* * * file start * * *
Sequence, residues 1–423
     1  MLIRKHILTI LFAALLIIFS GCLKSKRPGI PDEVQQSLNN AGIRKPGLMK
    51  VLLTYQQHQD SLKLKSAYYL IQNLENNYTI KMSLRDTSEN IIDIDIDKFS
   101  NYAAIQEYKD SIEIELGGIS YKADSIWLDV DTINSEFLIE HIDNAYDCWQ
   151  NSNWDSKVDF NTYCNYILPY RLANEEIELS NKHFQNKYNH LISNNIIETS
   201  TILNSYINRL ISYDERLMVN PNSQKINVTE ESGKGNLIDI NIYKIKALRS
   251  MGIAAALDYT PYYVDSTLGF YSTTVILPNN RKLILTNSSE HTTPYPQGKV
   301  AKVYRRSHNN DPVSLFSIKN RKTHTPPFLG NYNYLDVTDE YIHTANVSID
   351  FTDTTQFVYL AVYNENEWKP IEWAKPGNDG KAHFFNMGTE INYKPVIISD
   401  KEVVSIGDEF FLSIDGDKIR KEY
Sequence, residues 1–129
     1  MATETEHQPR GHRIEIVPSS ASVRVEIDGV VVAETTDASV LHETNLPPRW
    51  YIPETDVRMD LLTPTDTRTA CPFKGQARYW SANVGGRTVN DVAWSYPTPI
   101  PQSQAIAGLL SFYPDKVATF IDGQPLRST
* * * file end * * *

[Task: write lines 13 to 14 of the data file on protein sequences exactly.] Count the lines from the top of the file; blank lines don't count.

    51  YIPETDVRMD LLTPTDTRTA CPFKGQARYW SANVGGRTVN DVAWSYPTPI
   101  PQSQAIAGLL SFYPDKVATF IDGQPLRST